How Smoking Affects Your Immune System

by Dr. Karen Cann on October 19, 2010

Your immune system is crucial in maintaining your health—so it’s important to keep it in good order. But how do you do that? People talk about boosting immunity as if it were a task similar to building muscles or reducing blood cholesterol. Hundreds of ads for supplements and other products promise to boost immunity. But keeping your immune system in good shape is a complicated task.

“How do I boost immunity?” is really the same question as “What can I do to stay healthy?”

Do YOU suffer from any of these symptoms?

Most infectious agents get inside the body when we inhale them or swallow them; a few can enter through the genitals. They make their way into the blood and move rapidly through the body. The immune system has its own circulatory system called lymphatic vessels, which allow white blood cells to catch intruders. Other important parts of the immune system include the tonsils and adenoids, thymus, spleen, lymph nodes, appendix, certain areas of the small intestine, and bone marrow.

Smokers are more at risk to develop bacterial, viral and/or fungal infections, parasites, ulcers, cancer, bronchitis, pneumonia, infertility, high blood pressure, and many more health issues. Why? Smoking depresses the body’s immune response so there is less protection available. A smoker’s body is also more toxic, so the liver is more stressed – making it a target for disease as well.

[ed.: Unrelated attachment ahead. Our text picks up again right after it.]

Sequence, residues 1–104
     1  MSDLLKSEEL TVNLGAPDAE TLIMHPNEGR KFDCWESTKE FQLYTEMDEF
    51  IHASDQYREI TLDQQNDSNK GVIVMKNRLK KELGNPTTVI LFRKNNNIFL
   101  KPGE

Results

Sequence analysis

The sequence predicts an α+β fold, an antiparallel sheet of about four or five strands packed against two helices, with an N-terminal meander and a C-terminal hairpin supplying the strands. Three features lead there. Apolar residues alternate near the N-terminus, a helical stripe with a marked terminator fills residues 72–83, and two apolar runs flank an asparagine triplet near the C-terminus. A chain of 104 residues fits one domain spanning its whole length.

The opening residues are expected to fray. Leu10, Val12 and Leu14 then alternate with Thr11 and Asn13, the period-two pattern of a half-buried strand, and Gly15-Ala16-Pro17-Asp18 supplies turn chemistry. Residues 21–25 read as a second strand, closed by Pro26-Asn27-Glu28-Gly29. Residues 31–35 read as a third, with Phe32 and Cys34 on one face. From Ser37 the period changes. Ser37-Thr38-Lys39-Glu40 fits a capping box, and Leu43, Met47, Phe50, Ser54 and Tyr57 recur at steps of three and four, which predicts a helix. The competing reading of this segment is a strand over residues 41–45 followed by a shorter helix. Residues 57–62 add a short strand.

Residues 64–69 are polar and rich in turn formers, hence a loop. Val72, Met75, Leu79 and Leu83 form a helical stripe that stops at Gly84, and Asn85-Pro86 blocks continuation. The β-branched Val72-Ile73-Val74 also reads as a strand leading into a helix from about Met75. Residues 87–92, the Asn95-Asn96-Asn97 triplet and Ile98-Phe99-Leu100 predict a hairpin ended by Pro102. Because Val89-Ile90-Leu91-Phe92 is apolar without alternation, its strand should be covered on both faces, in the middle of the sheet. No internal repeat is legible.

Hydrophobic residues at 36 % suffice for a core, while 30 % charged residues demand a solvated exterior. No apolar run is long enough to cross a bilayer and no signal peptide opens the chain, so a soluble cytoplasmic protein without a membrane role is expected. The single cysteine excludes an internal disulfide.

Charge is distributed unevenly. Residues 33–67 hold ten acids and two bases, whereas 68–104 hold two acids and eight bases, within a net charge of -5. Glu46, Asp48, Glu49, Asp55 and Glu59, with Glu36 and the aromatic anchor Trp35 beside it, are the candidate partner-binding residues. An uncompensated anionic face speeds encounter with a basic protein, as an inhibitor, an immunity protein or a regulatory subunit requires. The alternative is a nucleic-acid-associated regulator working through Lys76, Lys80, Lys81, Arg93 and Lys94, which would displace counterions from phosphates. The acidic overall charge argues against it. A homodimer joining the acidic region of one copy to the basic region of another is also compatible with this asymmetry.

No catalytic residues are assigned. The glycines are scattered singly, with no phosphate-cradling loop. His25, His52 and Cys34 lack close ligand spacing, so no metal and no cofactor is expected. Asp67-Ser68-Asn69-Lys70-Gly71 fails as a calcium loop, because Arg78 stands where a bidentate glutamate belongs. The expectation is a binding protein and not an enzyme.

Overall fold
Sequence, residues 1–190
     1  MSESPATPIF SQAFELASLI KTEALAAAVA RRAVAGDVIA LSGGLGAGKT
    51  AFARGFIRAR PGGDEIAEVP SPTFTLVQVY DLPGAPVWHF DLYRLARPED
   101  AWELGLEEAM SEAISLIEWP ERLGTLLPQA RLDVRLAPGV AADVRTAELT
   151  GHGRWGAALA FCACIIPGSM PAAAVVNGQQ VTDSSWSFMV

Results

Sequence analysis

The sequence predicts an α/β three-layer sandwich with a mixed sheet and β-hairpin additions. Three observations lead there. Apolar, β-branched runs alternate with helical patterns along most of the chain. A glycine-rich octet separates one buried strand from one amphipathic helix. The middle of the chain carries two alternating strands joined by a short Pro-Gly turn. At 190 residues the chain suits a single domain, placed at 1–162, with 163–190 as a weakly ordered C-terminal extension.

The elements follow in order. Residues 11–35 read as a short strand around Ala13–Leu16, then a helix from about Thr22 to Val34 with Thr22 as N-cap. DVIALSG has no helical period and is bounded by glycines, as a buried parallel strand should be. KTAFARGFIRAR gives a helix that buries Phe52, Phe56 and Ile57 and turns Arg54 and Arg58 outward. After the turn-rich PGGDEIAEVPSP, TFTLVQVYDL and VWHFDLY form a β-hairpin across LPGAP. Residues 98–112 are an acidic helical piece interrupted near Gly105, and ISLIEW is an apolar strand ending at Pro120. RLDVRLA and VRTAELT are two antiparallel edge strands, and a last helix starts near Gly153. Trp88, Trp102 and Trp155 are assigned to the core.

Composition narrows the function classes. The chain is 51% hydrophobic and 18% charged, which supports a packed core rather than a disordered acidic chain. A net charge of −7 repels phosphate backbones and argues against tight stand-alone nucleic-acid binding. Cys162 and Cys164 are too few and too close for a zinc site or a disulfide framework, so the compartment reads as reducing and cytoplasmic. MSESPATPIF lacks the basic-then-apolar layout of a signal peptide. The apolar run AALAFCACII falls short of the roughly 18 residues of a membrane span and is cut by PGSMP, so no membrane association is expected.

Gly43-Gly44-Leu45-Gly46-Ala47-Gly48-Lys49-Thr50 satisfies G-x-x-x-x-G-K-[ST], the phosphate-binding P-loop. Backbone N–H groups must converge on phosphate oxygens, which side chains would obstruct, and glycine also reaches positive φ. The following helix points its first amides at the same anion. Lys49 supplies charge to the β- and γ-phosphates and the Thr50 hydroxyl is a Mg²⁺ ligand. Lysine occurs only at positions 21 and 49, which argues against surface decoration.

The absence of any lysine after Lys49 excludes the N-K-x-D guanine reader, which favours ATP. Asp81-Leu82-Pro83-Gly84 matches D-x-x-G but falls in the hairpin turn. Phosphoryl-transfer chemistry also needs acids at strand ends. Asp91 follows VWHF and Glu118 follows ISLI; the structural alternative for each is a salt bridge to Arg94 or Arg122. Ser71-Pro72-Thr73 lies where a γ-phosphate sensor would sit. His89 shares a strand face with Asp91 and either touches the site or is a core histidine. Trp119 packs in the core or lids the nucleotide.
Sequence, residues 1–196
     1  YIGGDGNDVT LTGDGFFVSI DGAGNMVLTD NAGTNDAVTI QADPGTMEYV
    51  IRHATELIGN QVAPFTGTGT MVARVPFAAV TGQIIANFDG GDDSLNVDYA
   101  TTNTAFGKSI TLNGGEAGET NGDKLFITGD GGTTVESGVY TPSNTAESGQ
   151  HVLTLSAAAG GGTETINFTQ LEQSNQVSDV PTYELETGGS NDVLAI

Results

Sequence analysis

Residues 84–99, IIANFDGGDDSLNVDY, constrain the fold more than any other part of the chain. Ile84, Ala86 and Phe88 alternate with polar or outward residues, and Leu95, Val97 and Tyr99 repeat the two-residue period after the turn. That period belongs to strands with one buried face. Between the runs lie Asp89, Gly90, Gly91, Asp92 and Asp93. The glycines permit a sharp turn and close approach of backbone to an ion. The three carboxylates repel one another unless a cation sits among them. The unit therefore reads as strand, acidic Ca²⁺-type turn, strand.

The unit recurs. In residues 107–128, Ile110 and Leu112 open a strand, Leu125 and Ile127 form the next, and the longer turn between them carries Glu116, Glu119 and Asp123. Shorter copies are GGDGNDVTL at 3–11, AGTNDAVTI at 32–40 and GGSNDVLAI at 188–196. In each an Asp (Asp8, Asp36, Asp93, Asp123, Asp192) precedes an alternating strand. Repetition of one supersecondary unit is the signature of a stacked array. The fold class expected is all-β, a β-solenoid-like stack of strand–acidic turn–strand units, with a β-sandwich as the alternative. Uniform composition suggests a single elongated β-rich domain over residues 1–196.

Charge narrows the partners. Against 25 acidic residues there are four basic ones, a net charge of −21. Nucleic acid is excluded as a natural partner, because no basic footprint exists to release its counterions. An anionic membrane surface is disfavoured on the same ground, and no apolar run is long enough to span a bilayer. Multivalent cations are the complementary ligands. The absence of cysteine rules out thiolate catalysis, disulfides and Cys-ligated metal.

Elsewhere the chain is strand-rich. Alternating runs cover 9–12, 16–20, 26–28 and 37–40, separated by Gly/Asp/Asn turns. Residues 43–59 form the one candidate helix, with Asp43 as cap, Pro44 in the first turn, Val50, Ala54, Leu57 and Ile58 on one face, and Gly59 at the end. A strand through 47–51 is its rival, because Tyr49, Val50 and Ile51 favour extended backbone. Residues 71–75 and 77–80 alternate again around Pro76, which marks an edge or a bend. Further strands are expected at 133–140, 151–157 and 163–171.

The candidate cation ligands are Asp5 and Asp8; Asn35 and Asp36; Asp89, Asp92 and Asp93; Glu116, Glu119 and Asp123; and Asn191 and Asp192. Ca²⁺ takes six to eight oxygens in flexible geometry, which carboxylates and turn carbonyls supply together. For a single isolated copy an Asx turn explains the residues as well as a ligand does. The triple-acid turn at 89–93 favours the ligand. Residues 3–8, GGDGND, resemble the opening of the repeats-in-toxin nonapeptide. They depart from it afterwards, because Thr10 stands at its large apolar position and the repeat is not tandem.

Because of free radical formation, smokers look older and have more wrinkles in their skin, adding years to their looks. Free radicals are cells of the body that get damaged. Free radicals may be formed through natural human physiological processes as well as from the environment. They may be the result of diet, stress, smoking, alcohol, exercise, inflammation, drugs, or exposure to sunlight and air pollutants.

The good news for smokers is that within 30 days of quitting, your immune activity begins to improve. Therefore, your risks of lung infection decreases as well as your high blood pressure and other health issues. The benefits of stopping smoking do not end there.

Three months after quitting smoking, your body is able to repair itself much more efficiently than it was while you were smoking, and your lungs are able to clean themselves so you are at much less risk for developing  lung infections, bronchitis, and the like.

Ten years after quitting smoking, your immune system has had time to do more than remove the toxins you inhaled multiple times daily, and your risks of cancers are decreased by 30-50%. The free radicals that formed while you were smoking are no longer in your system so your overall risk for illness and disease are decreased and your skin appearance should also improve.

Stay tuned for more blogs about how to improve and boost your immunity with chiropractic adjustments,  “quality”-controlled supplements, exercise, stress management, diet, rest, relaxation, and maintaining a positive mental attitude.

And if you’re reading this blog, we would love to have you fill out our Smoking Cessation Survey

If you’re truly interested in smoking cessation right now – especially without the use of drugs – then check out our revolutionary BAX3000 therapy by clicking here to visit our clinic’s web site.

Leave a Comment

Previous post:

Next post: